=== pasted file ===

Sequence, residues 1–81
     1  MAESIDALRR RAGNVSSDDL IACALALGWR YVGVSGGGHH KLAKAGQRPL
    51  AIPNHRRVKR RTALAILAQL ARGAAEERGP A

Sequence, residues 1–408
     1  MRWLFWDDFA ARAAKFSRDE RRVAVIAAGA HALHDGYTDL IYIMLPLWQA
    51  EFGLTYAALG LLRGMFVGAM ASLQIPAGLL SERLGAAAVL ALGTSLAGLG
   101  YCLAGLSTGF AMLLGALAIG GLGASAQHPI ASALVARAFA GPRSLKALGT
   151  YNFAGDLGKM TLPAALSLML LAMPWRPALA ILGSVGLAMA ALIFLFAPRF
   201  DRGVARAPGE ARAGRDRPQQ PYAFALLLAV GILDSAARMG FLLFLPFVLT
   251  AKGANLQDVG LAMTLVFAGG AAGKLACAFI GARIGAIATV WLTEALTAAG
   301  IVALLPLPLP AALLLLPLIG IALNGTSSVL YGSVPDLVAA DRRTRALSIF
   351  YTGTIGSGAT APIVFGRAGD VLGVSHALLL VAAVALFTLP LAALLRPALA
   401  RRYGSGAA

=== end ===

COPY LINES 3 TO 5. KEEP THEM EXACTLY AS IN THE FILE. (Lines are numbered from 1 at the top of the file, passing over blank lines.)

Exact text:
    51  AIPNHRRVKR RTALAILAQL ARGAAEERGP A

Sequence, residues 1–408
     1  MRWLFWDDFA ARAAKFSRDE RRVAVIAAGA HALHDGYTDL IYIMLPLWQA